Tel Liyanto didn’t live during the Japanese boom of the 1980s, but he loved the “timeless” City Pop hits of the era, which are now going viral thanks to a new generation of young international fans.
The glamorous soundtrack that accompanied the country’s economic miracle exploded in popularity decades after its upbeat synth, influenced by soft rock, boogie, and soul, first took to the air.
The retro genre is so hot that Canadian star The Weeknd sampled the 1983 song “Midnight Pretenders” on its latest release, and record companies are racing to reissue the long-forgotten City Pop vinyl.
“It’s like a disco: a nostalgic sound, but also modern,” said Liyanto, a 27-year-old from Indonesia who works for a creative agency, while dancing to City Pop in a Tokyo bar.
“I listen to it when I dance, I listen to it when I’m relaxing,” he told AFP.
From its origins in dedicated online music circles, its resurgence is powered by YouTube’s algorithm, which detects when a song is liked and shared and recommends it worldwide.
The most popular songs, such as Mariya Takeuchi’s “Plastic Love”, have tens of millions of views on YouTube.
The song’s funk bassline and flamboyant brass have the upbeat vibe of “Club Tropicana” by Wham! — but the soaring Japanese vocals tell another story.
“Ever since the day I was heartbroken, I’ve been living life with day and night turned upside down,” Takeuchi sings what commentators call a “hidden gem”.
“Why am I suddenly listening to 80s Japanese pop music? And why is it so good?” write one.
– Fresh, but familiar –
Kei Notoya, a 33-year-old DJ, was captivated by City Pop when he first heard about it at a university party.
He has amassed around 3,000 records, some of which sold out in seconds from his online store Tokyo Condition.
“Japanese music at that time imitated American rock, soul, R&B a lot,” he told AFP. “Sounds fresh, but at the same time, familiar.”
“Unborn people can feel the energy, atmosphere of the 80s and 70s by listening to these songs.”
The rumors have prompted Japanese record companies to upload more of their back catalog to the streaming service.
But a large number of “slept-on” songs — neglected for years but only recently discovered by music lovers — keep interest in the genre alive, Notoya said.
He boasts of “new discoveries every week” at secondhand record stores, and releases the “Tokyo Glow” compilation in December.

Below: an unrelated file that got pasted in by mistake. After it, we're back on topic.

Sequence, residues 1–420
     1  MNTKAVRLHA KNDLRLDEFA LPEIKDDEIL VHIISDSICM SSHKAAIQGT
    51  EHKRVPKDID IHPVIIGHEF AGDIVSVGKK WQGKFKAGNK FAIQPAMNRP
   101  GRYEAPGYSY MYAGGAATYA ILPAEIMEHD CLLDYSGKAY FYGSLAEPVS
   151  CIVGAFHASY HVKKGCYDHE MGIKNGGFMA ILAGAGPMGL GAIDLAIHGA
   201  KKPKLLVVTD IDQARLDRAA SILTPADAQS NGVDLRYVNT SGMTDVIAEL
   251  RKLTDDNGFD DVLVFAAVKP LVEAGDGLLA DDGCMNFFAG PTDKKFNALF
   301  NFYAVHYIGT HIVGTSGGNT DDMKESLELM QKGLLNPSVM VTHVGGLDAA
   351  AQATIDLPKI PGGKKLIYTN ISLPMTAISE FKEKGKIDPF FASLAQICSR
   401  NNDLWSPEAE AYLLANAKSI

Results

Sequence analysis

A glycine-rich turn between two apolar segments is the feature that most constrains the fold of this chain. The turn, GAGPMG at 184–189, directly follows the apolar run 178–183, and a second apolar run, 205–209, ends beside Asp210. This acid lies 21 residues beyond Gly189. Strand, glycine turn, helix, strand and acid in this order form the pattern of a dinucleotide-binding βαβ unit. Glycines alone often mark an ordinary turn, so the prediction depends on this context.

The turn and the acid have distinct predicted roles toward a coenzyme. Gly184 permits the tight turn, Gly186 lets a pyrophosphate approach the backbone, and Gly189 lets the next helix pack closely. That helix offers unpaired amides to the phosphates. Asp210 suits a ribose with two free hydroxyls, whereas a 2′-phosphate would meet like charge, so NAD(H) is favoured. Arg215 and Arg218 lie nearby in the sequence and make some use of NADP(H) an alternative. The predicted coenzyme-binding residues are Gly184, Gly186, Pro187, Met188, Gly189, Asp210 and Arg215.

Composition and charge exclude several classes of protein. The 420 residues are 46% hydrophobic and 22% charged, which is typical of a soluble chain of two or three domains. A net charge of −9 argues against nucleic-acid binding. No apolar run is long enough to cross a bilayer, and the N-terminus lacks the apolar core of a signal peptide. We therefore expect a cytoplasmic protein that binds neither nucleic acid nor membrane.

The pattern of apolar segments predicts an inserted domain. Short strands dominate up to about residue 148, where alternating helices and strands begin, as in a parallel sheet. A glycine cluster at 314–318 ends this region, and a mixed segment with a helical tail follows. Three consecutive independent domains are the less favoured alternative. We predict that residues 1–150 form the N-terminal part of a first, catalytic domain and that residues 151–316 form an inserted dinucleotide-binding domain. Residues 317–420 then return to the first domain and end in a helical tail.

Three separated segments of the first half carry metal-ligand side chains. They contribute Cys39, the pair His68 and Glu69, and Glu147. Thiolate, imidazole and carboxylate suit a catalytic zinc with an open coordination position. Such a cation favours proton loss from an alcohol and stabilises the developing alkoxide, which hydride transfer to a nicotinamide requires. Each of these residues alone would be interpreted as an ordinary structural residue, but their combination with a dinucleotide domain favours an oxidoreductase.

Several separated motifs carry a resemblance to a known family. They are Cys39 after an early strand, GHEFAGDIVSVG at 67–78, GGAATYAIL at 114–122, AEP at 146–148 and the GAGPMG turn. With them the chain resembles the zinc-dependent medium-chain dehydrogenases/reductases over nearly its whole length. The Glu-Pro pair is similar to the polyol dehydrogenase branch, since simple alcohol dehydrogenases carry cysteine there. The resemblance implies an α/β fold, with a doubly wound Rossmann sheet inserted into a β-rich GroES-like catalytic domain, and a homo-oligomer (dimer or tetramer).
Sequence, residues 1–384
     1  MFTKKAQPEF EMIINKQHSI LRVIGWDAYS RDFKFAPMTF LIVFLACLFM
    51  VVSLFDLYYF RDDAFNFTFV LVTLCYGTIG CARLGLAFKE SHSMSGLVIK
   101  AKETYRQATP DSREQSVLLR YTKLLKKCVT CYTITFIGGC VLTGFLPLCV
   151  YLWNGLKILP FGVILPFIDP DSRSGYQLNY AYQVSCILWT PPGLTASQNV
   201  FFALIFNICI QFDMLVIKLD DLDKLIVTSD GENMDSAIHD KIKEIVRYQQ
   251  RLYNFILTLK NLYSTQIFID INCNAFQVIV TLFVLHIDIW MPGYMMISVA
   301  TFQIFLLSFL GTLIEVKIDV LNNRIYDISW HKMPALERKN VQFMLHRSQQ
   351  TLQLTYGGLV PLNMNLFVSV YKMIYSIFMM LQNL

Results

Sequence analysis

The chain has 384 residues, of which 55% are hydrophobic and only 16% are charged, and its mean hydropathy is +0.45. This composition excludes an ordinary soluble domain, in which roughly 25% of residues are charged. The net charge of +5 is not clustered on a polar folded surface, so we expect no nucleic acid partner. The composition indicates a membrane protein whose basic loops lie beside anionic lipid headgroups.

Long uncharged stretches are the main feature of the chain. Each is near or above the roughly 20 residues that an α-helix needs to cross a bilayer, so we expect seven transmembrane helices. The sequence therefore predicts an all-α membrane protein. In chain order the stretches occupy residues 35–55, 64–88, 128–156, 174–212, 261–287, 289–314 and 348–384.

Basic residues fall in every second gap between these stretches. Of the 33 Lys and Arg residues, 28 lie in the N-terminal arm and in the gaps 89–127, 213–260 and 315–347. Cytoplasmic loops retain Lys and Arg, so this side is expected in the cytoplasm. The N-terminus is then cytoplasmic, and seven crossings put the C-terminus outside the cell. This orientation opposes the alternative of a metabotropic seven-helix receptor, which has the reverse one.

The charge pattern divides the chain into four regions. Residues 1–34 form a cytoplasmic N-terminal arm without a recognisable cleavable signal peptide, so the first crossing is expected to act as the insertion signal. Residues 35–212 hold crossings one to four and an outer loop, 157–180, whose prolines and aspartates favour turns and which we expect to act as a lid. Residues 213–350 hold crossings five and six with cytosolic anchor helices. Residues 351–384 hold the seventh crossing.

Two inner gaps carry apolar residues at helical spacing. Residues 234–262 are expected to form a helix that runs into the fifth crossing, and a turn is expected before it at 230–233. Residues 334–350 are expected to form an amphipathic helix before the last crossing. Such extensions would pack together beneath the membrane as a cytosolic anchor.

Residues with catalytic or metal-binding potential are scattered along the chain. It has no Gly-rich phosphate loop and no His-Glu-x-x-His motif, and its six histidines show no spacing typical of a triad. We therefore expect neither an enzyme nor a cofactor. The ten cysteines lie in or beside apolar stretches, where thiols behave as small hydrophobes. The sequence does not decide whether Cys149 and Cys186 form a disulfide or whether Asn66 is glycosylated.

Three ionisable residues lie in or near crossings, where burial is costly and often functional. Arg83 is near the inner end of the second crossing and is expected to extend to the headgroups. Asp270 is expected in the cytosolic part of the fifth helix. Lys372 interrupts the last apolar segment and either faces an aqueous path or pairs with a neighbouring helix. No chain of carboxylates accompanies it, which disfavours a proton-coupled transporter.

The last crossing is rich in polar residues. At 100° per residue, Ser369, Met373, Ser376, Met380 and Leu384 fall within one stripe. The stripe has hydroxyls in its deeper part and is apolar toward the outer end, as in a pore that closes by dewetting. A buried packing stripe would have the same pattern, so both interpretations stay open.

Tomoko Aran’s sample hit from The Weeknd in her new song “Out of Time” is “the most common example of old Japanese music being introduced to a wider audience”, says Patrick St. Michel, a music writer based in Japan.
“Midnight Pretenders” was re-released on vinyl last year along with other City Pop favorites including “Plastic Love”, which has also been refreshed with a modern music video by record label Warner Japan.
– ‘Not pure hedonism’ –
Gary Ieong, co-owner of White Noise Records in Hong Kong, said that although fans preferred to hunt for the original City Pop printing press, the reissue of “Plastic Love” had been “very popular” in his stores.
Young people who listen to songs on YouTube want to repurchase them “as souvenirs, or for works of art”, he told AFP.
His music is also popular on TikTok, where fans match their favorite tracks with anime-style illustrations of sunsets or dance together in ’80s outfits.
But in addition to the cheesy fun, new listeners are also drawn to City Pop by “the melancholic element lurking within,” says St Michel.
“It’s something that creeps into all of City Pop’s songs and makes them go viral. There’s something sad too — it’s not pure hedonism.”
Nothing lasts forever, and the early trendsetters who started getting into City Pop online in the 2010s have moved on, says St Michel.
They “had kind of said clearly, ‘it’s over for us, we’re moving into the ’90s’.”
“It’s like a race to find what the internet crowd will be. But it’s up to them to decide,” he added.
“That’s the beauty of it.”
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